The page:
Campaign for John Hunt

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John Hunt and Gráinne Humphrys

John Hunt (born July 16, 1981) is an Irish citizen who was involuntarily detained as a psychiatric patient. The conditions of Hunt's detention have been the subject of a sustained campaign by his former partner and mother of his child Gráinne Humphrys. He was committed as an involuntary psychiatric patient in 2005 and was detained at a secure psychiatric unit in Cork until August 2011 when he was transferred to the Central Mental Hospital, Dundrum, Dublin. Until 2010 he was not granted leave for any temporary release from the Cork facility to visit his family. As a result of the campaign of his former partner that year the Cork hospital allowed Hunt six hours unsupervised leave every two weeks. However, following a violent altercation with a psychiatric nurse this leave was rescinded and Hunt was transferred to the main Irish forensic psychiatric unit in Dundrum.

As of 2013, Humphrys is still being quoted in the Irish press about Hunt's apparently ongoing psychiatric detention: "I am very critical about how his admission was dealt with – it was with the use of force and coercion. He didn’t want to take the medication at the time of his admission and I thought, fair enough. I couldn’t understand why there was not a better method of communication that we could use with him, like open dialogue."[1]

Early life[edit]

At the time of Hunt's birth, his family lived in the small, coastal town of Greystones in Wicklow, Ireland. His father was a violent alcoholic and his mother had few supports in raising her children. His four-year-old brother drowned when he was eleven years old. Thereafter, Hunt began getting into fights and taking drugs. Humphrys attributes these behaviours to his history of trauma and low self-esteem. His first breakdown occurred shortly after the end of his relationship with his first long-term girlfriend. Humphrys has expressed the view in relation to Hunt's history that, 'trauma and loss, amongst other factors, form the bedrock of John’s problems — his so-called attachment disorder and paranoid schizophrenia.'[2]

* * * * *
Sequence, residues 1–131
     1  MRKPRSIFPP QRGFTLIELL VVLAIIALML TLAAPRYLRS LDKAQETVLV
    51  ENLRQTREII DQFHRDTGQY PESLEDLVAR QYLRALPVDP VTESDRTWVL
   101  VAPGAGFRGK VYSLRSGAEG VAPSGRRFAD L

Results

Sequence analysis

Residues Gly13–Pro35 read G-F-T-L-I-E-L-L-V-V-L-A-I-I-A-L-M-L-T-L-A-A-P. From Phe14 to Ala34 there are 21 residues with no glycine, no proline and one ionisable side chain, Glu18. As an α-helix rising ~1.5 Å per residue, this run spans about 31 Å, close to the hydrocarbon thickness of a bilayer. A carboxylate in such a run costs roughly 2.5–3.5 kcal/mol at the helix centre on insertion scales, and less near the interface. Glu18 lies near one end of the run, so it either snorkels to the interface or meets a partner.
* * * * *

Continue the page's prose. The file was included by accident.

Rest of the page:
Involuntary committal and medication[edit]

John Hunt was a resident of Cork, Ireland. He experienced a breakdown while his then partner, Gráinne Humphrys, was pregnant with their child, Joshua. Frightened for his safety, Hunt's mother, Marion Hunt, instigated committal proceedings against her son.[3] As he was deemed a danger to himself, this led to his involuntary committal in 2006 at the Carrig Mór Centre, a Psychiatric Intensive Care Unit (PICU) in Shanakiel, Cork.[4] The Carraig Mór Centre is a two-storey building that was formerly part of the now defunct Our Lady's Hospital (Cork District Mental Hospital). Hunt was under the management of a forensic psychiatric team in an 18-bed unit for involuntary patients deemed to have behavioural difficulties arising from their mental condition. Subsequent to his admission, he received a variety of diagnoses including drug-induced psychosis, bipolar disorder and schizophrenia.[5] Family visits at Carraig Mór were carried out in a small CCTV-monitored room at the facility that has been described as "cramped" and "uninviting".[2][3][5]